The Asia-Pacific Journal: Japan Focus Newsletter
Newsletter No. 21. 2011  
May 23, 2011  
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In This Issue


Four featured articles examine multiple dimensions of Japan's 3.11 earthquake/tsunami experience. Hirose Takashi locates Fukushima in light of the
potential of other nuclear catastrophes. Matthew Penney and Mark Selden examine the Fukushima-Chernobyl comparison in light of the ongoing debates about death and risk. Peter Karamaskos offers a new interpretation of the Fukushima and Chernobyl death tolls. Peter Bosshard assesses the impact on China's ambitious nuclear power plans of the Fukushima meltdown. And Gavan McCormack, in a major piece on the US-Japan-Okinawa relationship, examines four decades of duplicity from the Mitsuyaku (secret diplomacy) now revealed in Wikileaks to the Hatoyama and Maher affairs and new base proposals now emanating from Washington.

The Asia-Pacific Journal has a new home page. Please have a look and let us know if you encounter technical problems as we work these out. Have you noticed that the Journal has published fifty articles on the Fukushima catastrophe since 3.11. If you appreciate this work, we would be pleased to have your financial support as subscriber or donor to help us meet the heavy expenses this has entailed.

Many of our most import articles on 3.11  appear in What's hot and they bring a diversity of sources and reports from Ground Zero in Tohoku and Tokyo. "What's hot" present breaking stories and provides information beyond the headlines, to cast them in broader perspective. What's hot is regularly updated, at times on a daily basis, and we invite you to consult it and contribute to it.

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Hirose Takashi and C. Douglas Lummis, The Nuclear Disaster That Could Destroy Japan - On the danger of a killer earthquake in the Japanese Archipelago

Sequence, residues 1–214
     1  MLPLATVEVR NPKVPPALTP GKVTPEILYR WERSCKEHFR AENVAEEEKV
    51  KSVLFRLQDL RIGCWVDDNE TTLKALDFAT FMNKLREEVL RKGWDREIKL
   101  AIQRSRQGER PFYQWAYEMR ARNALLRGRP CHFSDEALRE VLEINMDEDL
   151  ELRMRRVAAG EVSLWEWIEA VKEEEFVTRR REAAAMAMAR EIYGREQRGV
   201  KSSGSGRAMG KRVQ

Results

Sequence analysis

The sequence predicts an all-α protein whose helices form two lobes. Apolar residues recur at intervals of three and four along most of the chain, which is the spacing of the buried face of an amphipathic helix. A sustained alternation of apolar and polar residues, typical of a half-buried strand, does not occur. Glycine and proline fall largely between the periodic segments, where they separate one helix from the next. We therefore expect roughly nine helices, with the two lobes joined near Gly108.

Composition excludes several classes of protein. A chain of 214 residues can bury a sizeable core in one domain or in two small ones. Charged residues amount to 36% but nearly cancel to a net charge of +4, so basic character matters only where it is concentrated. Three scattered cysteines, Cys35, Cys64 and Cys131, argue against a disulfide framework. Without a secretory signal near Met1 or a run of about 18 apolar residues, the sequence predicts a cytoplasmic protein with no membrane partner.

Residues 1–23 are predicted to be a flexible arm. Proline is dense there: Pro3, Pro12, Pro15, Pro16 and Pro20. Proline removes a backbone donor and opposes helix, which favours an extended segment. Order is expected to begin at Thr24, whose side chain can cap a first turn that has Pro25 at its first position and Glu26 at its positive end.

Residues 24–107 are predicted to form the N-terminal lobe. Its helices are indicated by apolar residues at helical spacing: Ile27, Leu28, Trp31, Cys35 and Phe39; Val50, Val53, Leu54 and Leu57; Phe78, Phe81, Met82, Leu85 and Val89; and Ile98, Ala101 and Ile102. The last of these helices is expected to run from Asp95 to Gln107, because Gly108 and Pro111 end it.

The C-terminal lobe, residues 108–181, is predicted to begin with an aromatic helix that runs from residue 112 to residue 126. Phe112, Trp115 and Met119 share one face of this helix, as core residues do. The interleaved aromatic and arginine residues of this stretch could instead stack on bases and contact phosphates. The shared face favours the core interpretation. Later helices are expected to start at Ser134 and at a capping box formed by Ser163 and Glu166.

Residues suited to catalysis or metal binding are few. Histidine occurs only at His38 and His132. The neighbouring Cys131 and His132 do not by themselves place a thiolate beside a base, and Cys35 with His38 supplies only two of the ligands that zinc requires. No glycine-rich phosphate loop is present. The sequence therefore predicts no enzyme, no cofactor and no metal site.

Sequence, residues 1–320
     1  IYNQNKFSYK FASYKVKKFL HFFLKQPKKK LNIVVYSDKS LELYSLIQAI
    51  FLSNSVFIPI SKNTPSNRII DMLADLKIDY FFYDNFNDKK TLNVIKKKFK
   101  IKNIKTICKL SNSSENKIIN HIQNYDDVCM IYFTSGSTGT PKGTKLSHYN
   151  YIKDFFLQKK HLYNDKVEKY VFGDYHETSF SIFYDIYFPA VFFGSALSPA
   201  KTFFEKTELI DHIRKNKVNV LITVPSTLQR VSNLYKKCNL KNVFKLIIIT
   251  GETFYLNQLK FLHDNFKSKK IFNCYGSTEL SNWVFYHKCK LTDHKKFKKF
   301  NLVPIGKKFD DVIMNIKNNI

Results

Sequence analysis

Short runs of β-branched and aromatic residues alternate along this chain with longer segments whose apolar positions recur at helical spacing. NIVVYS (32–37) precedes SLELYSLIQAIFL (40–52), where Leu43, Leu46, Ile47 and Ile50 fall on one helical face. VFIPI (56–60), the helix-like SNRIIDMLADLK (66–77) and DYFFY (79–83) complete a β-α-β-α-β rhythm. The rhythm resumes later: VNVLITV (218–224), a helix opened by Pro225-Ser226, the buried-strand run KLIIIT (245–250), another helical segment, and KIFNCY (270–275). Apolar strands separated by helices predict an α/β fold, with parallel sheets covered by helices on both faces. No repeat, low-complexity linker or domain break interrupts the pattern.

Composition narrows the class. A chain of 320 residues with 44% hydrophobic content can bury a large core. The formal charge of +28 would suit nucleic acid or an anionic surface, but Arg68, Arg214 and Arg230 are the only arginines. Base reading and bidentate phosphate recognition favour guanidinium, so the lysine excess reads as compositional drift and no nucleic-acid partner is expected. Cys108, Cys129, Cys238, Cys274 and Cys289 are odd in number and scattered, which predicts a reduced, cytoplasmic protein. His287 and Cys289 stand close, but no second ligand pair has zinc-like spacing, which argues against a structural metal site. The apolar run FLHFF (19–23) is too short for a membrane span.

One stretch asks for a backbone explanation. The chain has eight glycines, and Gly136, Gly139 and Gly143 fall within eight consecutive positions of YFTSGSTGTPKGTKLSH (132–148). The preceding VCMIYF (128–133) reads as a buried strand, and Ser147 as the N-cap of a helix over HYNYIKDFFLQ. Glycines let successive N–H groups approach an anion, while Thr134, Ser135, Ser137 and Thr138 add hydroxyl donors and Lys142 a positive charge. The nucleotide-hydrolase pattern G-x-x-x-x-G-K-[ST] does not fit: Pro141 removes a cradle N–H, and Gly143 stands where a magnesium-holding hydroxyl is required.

Plutonium has a half life of 24,000 years, which means that in that time its toxicity will be reduced by half.  What could possess a person, who will live maybe one three-hundredth of that time, to produce such a thing and leave it to posterity to deal with?  In fact, "possess" might be the right word.  Behind all the nuclear power industry's language of cost efficiency or liberation from fossil fuel or whatever, one can sense a kind of possession - a bureaucratized madness.  Political science has produced but one candidate for a scientific law - Power Corrupts and Absolute Power Corrupts Absolutely. But the political scientists haven't noticed that the closest thing we have to absolute power is nuclear power.  Nuclear power corrupts in a peculiar way.  It seems to tempt the engineers into imagining they have been raised to a higher level, a level where common sense judgments are beneath them.

The nuclear power plants in Japan are ageing rapidly; like cyborgs, they are barely kept in operation by a continuous replacement of parts.  And now that Japan has entered a period of earthquake activity and a major accident could happen at any time, the people live in constant state of anxiety.

Seismologists and geologists agree that, after some fifty years of seismic inactivity, with the 1995 Hanshin-Awaji Earthquake (Southern Hyogo Prefecture Earthquake), the country has entered a period of seismic activity.  In 2004, the Chuetsu Earthquake hit Niigata Prefecture, doing damage to the village of Yamakoshi.  Three years later, in 2007, the Chuetsu Offshore Earthquake severely damaged the nuclear reactors at Kashiwazaki-Kariwa.  In 2008, there was an earthquake in Iwate and Miyagi Prefectures, causing a whole mountain to disappear completely.  Then in 2009 the Hamaoka nuclear plant was put in a state of emergency by the Suruga Bay Earthquake.  And now, in 2011, we have the 3/11 earthquake offshore from the northeast coast.  But the period of seismic activity is expected to continue for decades. From the perspective of seismology, a space of 10 or 15 years is but a moment in time.

Hirose Takashi is among Japan's most widely published authors on nuclear issue, most recently, Nuclear Meltdown (2011). C. Douglas Lummis is the author of Radical Democracy anda Japan Focus associate.

Recommended citation: Hirose Takashi and C. Douglas Lummis, The Nuclear Disaster That Could Destroy Japan - On the danger of a killer earthquake in the Japanese Archipelago, The Asia-Pacific Journal Vol 9, Issue 21 No 2, May 23, 2011.

 Read more . . .  
Matthew Penney and Mark Selden, What Price the Fukushima Meltdown? Comparing Chernobyl and Fukushima